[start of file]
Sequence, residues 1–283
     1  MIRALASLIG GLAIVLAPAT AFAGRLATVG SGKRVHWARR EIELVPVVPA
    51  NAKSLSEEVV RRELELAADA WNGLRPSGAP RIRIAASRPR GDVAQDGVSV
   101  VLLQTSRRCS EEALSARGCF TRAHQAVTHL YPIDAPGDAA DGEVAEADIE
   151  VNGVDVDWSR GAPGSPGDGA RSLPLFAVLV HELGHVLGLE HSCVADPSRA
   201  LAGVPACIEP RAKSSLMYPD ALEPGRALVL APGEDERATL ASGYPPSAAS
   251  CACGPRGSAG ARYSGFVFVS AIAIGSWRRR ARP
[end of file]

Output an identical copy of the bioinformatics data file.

Sequence, residues 1–283
     1  MIRALASLIG GLAIVLAPAT AFAGRLATVG SGKRVHWARR EIELVPVVPA
    51  NAKSLSEEVV RRELELAADA WNGLRPSGAP RIRIAASRPR GDVAQDGVSV
   101  VLLQTSRRCS EEALSARGCF TRAHQAVTHL YPIDAPGDAA DGEVAEADIE
   151  VNGVDVDWSR GAPGSPGDGA RSLPLFAVLV HELGHVLGLE HSCVADPSRA
   201  LAGVPACIEP RAKSSLMYPD ALEPGRALVL APGEDERATL ASGYPPSAAS
   251  CACGPRGSAG ARYSGFVFVS AIAIGSWRRR ARP